Mortgage Notes Payable
 
On March 10, 2016, in connection with the acquisitions of Magnolia Shopping Center and Casitas Plaza Shopping Center, the Company assumed two existing mortgage loans with an outstanding principal balance of approximately $9.3 million and $7.6 million , respectively. On April 1, 2016, the Company repaid in full the Gateway Village III mortgage note related to Gateway Shopping Center for a total of approximately $7.1 million , without penalty, in accordance with the prepayment provisions of the note.
 
The mortgage notes payable collateralized by respective properties and assignment of leases at June 30, 2016 and December 31, 2015 , respectively, were as follows (in thousands):

Property
Maturity Date
 
Interest Rate
 
June 30, 2016
 
December 31, 2015
Gateway Village III
July 2016
 
6.10
%
 
$

 
$
7,166

Bernardo Heights Plaza
July 2017
 
5.70
%
 
8,312

 
8,404

Santa Teresa Village
February 2018
 
6.20
%
 
10,500

 
10,613

Magnolia Shopping Center
October 2018
 
5.50
%
 
9,223

 

Casitas Plaza Shopping Center
June 2022
 
5.32
%
 
7,517

 

Diamond Hills Plaza
October 2025
 
3.55
%
 
35,500

 
35,500

 
 
 
 

 
$
71,052

 
$
61,683

Mortgage premiums
 
 
 

 
1,378

 
922

Net unamortized deferred financing costs
 
 
 

 
(469
)
 
(449
)
Total mortgage notes payable
 
 
 

 
$
71,961

 
$
62,156

 

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Term Loan and Credit Facility
 
The carrying values of the Company’s term loan (the “term loan”) were as follows (in thousands):

 
June 30, 2016
 
December 31, 2015
Term Loan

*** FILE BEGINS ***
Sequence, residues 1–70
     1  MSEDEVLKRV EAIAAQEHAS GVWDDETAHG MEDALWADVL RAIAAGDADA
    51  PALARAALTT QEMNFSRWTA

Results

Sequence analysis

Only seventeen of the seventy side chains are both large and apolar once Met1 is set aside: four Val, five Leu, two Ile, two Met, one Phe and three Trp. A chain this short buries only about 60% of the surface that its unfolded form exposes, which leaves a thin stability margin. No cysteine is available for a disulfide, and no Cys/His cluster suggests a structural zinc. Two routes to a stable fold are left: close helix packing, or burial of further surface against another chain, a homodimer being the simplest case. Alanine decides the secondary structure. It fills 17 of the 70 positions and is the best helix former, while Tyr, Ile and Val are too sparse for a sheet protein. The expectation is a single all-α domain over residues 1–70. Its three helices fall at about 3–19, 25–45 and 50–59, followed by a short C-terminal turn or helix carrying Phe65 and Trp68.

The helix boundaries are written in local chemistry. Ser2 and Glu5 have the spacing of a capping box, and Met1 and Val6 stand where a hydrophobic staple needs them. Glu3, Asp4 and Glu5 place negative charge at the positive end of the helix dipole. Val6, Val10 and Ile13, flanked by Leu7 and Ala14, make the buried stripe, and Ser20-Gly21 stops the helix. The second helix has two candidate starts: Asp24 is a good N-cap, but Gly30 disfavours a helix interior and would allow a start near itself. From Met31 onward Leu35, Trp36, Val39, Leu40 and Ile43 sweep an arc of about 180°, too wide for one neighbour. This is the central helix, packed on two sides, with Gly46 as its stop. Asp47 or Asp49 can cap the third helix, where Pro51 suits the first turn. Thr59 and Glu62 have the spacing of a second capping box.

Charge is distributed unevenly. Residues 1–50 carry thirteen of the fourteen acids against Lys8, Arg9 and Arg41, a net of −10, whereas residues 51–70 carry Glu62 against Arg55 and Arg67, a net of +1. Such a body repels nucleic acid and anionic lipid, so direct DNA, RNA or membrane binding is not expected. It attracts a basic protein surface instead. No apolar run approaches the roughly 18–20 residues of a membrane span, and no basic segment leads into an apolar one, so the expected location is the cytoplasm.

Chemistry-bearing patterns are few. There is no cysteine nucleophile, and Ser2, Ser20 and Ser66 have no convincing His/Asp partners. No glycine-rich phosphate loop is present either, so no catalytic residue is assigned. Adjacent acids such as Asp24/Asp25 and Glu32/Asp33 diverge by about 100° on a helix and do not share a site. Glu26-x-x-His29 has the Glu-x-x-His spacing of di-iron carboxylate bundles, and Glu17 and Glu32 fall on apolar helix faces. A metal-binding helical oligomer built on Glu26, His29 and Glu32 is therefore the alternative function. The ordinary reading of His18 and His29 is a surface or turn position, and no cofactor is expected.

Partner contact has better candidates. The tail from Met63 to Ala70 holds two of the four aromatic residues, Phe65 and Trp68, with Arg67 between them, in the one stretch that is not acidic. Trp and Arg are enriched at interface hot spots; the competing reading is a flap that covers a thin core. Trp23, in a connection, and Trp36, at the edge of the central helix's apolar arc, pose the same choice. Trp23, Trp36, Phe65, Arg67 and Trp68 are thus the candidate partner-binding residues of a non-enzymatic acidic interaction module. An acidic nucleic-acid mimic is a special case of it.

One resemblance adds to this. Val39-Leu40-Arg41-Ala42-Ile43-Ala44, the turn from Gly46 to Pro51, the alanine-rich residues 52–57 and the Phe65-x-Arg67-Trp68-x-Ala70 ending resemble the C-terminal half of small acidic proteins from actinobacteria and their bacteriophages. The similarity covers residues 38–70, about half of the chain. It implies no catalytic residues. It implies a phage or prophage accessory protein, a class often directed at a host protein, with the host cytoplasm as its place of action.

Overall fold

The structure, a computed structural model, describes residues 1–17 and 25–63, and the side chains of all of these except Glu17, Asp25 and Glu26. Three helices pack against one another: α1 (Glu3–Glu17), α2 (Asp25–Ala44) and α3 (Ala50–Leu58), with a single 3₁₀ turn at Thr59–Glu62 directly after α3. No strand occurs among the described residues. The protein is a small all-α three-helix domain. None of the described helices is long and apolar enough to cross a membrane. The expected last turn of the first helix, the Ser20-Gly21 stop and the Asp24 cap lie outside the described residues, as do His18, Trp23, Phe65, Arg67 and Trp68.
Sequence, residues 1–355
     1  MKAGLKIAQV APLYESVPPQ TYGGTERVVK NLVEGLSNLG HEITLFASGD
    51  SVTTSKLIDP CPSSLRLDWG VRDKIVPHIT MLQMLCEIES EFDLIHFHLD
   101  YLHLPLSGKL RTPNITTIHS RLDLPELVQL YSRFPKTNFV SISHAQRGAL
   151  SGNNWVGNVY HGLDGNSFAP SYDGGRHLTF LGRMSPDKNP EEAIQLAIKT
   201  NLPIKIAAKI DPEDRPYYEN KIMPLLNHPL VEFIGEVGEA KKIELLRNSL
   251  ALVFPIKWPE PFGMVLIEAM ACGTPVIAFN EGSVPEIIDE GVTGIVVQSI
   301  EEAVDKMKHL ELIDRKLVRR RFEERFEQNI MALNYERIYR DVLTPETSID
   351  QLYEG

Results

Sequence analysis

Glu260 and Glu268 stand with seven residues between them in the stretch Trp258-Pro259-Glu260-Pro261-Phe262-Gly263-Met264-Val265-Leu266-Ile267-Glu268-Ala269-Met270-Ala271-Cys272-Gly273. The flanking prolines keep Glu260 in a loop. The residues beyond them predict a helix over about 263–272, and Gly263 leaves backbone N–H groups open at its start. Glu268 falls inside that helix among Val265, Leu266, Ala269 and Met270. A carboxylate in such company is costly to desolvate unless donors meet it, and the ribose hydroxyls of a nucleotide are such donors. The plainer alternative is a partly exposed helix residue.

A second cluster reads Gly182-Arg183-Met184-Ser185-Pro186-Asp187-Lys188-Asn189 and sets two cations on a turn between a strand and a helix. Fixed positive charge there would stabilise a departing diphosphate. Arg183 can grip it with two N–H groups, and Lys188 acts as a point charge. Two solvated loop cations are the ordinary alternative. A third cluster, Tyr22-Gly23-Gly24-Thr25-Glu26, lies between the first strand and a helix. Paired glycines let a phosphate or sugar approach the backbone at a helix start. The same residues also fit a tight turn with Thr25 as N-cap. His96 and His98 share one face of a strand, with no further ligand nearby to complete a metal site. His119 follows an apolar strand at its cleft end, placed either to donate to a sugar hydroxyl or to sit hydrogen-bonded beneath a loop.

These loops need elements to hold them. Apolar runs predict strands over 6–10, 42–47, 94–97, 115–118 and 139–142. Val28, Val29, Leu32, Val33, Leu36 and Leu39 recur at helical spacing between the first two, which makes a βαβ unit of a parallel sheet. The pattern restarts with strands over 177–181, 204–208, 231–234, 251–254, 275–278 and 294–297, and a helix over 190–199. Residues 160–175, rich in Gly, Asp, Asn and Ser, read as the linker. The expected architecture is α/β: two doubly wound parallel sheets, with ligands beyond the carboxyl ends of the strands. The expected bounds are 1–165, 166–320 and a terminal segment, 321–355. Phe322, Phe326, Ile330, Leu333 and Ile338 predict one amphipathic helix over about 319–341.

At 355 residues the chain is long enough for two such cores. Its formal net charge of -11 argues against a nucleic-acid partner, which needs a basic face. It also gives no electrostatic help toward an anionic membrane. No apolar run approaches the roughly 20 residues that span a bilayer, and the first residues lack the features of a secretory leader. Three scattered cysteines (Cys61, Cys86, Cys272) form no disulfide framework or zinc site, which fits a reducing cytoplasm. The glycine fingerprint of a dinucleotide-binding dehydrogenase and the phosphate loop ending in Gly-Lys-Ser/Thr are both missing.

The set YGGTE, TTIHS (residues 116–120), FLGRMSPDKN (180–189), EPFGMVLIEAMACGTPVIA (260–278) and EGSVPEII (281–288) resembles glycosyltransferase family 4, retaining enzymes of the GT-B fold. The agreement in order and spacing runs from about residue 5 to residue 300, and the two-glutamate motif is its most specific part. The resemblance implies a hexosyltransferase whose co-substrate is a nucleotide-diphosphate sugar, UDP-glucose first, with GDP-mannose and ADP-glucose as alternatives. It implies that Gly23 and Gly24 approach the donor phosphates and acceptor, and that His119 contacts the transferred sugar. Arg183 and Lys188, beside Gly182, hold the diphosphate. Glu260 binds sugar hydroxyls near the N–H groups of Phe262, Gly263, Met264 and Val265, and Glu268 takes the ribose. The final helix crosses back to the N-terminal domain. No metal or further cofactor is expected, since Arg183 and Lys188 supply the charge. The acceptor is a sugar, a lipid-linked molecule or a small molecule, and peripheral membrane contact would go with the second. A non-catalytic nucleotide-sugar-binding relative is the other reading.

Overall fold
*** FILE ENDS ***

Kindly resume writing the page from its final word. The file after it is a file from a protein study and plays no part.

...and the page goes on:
$
300,000

 
$
300,000

Net unamortized deferred financing costs
(1,004
)
 
(1,198
)
Term Loan:
$
298,996

 
$
298,802

 
On September 29, 2015, the Company entered into a term loan agreement (the “Term Loan Agreement”) with KeyBank National Association, as Administrative Agent, and U.S. Bank National Association, as Syndication Agent and the other lenders party thereto, under which the lenders agreed to provide a $300.0 million unsecured term loan facility. The Term Loan Agreement also provides that the Company may from time to time request increased aggregate commitments of $200.0 million under certain conditions set forth in the Term Loan Agreement, including the consent of the lenders for the additional commitments. The initial maturity date of the term loan is January 31, 2019, subject to two one-year extension options, which may be exercised upon satisfaction of certain conditions including the payment of extension fees. Borrowings under the Term Loan Agreement accrue interest on the outstanding principal amount at a rate equal to an applicable rate based on the credit rating level of the Company, plus, as applicable, (i) a LIBOR rate determined by reference to the cost of funds for U.S. dollar deposits for the relevant period (the “Eurodollar Rate”), or (ii) a base rate determined by reference to the highest of (a) the federal funds rate plus 0.50% , (b) the rate of interest announced by the Administrative Agent as its “prime rate,” and (c) the Eurodollar Rate plus 1.10% .